Yesterday, the cable news ratings showed that Fox News -- that bastion of conservative bias and lies -- is losing viewers.
Thus far, their viewership has decreased by 21 percent and their top shows all posted double digit losses, while MSNBC’s shows grew and the network attracted more younger viewers.
So, maybe people are actually interested in getting the truth?
Personally, I am thrilled.
This summer, I was involved in a story about the Pledge of Allegiance that Fox News blew up. I broke it and they ran with it. Career-wise, it was great as it bumped up the numbers for the site I was editing, but it was the first time I saw the Fox News spin at work. And it was disturbing.
They twisted the words I'd said to make them sound worse (and in some cases downright lied about what happened) and then incited the goons.The people involved in the story -- volunteer school committee with young children -- got death threats, received hate mail, and watched their email boxes fill with spam.
Commenters on The Stir often call what we do "journalism." It really is not. It is blogging. We offer opinions, which you tear down, sometimes nicely and sometimes not. There is a slant, a bias if you will. Fox News is supposed to be impartial. They are supposed to offer the news. They are supposed to be journalists, not bloggers.
The "liberal media bias" is a fallacy when we consider the way Fox News twists and changes things and they do it so easily. This summer all they did was change a few words, the word "ban" instead of "question," and they set off a firestorm. It is smart. It gets ratings. It has lit the careers of people like Bill O'Reilly and Sean Hannity. But it is not journalism.
If you get your news from Fox, you are not getting the news. You are getting their slant on it.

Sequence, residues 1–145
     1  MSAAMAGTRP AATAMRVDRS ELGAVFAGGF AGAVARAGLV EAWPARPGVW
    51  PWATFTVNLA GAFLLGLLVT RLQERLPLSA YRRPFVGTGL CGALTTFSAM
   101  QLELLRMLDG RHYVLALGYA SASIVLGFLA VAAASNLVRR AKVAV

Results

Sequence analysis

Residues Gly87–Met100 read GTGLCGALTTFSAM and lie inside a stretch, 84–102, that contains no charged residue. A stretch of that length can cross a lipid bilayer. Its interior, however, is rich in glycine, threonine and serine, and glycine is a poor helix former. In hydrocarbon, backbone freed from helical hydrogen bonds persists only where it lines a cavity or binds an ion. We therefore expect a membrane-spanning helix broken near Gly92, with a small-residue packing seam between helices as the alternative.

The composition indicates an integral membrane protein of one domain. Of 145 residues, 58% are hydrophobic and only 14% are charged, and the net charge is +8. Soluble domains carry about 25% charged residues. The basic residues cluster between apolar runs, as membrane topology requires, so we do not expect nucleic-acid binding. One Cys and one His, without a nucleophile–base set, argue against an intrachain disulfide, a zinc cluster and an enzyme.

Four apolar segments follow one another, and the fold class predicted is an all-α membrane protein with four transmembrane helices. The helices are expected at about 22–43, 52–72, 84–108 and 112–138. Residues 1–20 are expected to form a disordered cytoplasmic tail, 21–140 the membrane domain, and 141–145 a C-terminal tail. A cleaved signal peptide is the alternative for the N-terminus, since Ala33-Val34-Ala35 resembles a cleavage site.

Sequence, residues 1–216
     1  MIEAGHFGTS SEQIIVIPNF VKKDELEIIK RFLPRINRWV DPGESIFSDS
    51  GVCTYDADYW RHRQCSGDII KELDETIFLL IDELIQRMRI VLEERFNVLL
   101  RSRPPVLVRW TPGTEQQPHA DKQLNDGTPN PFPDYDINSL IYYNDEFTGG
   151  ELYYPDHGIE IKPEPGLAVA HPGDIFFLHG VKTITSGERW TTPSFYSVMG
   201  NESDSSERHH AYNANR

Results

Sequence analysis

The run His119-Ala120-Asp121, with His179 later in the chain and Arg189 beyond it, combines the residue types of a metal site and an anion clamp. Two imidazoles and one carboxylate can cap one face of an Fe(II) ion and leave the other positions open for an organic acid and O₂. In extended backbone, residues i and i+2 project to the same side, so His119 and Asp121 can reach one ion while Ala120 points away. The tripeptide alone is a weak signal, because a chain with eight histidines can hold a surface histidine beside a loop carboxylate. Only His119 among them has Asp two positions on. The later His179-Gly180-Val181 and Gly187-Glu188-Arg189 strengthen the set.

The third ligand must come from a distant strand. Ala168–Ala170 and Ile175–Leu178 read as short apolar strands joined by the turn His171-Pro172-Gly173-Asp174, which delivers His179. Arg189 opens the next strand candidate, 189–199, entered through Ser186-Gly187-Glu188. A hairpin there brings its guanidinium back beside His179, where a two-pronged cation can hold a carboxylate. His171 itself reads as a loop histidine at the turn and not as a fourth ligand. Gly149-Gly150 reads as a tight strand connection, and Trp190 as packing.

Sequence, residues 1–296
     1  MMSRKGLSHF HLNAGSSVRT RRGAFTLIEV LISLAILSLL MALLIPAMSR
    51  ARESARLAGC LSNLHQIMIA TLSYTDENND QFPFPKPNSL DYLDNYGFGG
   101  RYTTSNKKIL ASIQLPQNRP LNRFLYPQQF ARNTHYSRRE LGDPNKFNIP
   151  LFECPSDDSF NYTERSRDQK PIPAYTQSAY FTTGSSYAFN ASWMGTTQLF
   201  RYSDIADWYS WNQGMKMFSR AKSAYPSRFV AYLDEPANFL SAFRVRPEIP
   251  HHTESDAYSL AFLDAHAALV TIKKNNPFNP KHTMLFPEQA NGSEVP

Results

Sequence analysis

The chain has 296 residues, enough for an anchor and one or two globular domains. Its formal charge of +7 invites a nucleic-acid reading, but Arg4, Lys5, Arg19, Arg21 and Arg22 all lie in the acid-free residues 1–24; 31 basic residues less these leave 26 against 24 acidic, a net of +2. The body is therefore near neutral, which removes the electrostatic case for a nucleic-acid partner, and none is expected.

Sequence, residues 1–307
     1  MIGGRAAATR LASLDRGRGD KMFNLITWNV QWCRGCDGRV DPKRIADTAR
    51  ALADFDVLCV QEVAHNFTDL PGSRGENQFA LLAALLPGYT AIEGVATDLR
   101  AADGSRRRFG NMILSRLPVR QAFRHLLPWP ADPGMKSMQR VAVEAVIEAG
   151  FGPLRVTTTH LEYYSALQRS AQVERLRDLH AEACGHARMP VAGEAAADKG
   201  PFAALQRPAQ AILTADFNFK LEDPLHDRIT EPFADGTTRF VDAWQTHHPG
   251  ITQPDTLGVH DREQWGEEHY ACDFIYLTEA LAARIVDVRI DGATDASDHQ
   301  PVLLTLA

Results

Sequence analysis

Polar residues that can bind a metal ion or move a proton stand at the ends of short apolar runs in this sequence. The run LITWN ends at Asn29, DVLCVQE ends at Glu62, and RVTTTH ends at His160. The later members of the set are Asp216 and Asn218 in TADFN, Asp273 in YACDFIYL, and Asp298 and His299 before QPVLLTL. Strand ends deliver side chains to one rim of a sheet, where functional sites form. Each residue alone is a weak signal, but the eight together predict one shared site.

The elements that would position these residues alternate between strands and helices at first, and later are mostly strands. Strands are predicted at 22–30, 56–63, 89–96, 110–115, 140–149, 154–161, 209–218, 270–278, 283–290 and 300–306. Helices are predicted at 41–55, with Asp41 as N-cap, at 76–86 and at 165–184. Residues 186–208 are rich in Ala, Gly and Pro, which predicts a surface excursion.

I have seen it firsthand, but don't believe me? Here are three examples from Media Matters -- "a Web-based, not-for-profit, 501(c)(3) progressive research and information center dedicated to comprehensively monitoring, analyzing, and correcting conservative misinformation in the U.S. media.":
- Fox News' Martha MacCallum showed a clip of Vice President Joe Biden in which he said: "The fundamentals of the economy are strong." It was implied that the quote was from March 2010. In fact, the clip came from the 2008 campaign and Biden was quoting John McCain.
- Fox News' Wendell Goler cropped a comment by President Obama and took it out of context to falsely suggest that he supports creating a health care system "like the European countries." In fact, Obama was paraphrasing the town hall question he had been asked before explaining why he opposed such a system.
- Fox News takes Republican "talking points" and claims it as "news." Fox News' Jon Scott referenced seven dates, used on-screen graphics, and claimed they came from different news sources when they actually all came directly from a Senate Republican Communications Center press release.
It is gratifying to see that maybe the younger generation is leaving Faux News and maybe getting their news from reputable news sources.
Do you believe what you see on Fox News?
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